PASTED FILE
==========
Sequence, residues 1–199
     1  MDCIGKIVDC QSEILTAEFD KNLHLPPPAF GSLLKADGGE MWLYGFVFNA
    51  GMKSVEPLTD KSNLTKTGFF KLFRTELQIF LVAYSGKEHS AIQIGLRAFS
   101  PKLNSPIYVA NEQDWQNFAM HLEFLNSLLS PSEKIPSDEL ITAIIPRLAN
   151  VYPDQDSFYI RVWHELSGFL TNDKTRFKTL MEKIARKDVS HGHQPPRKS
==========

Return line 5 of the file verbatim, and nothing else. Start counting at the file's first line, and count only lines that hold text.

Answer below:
   151  VYPDQDSFYI RVWHELSGFL TNDKTRFKTL MEKIARKDVS HGHQPPRKS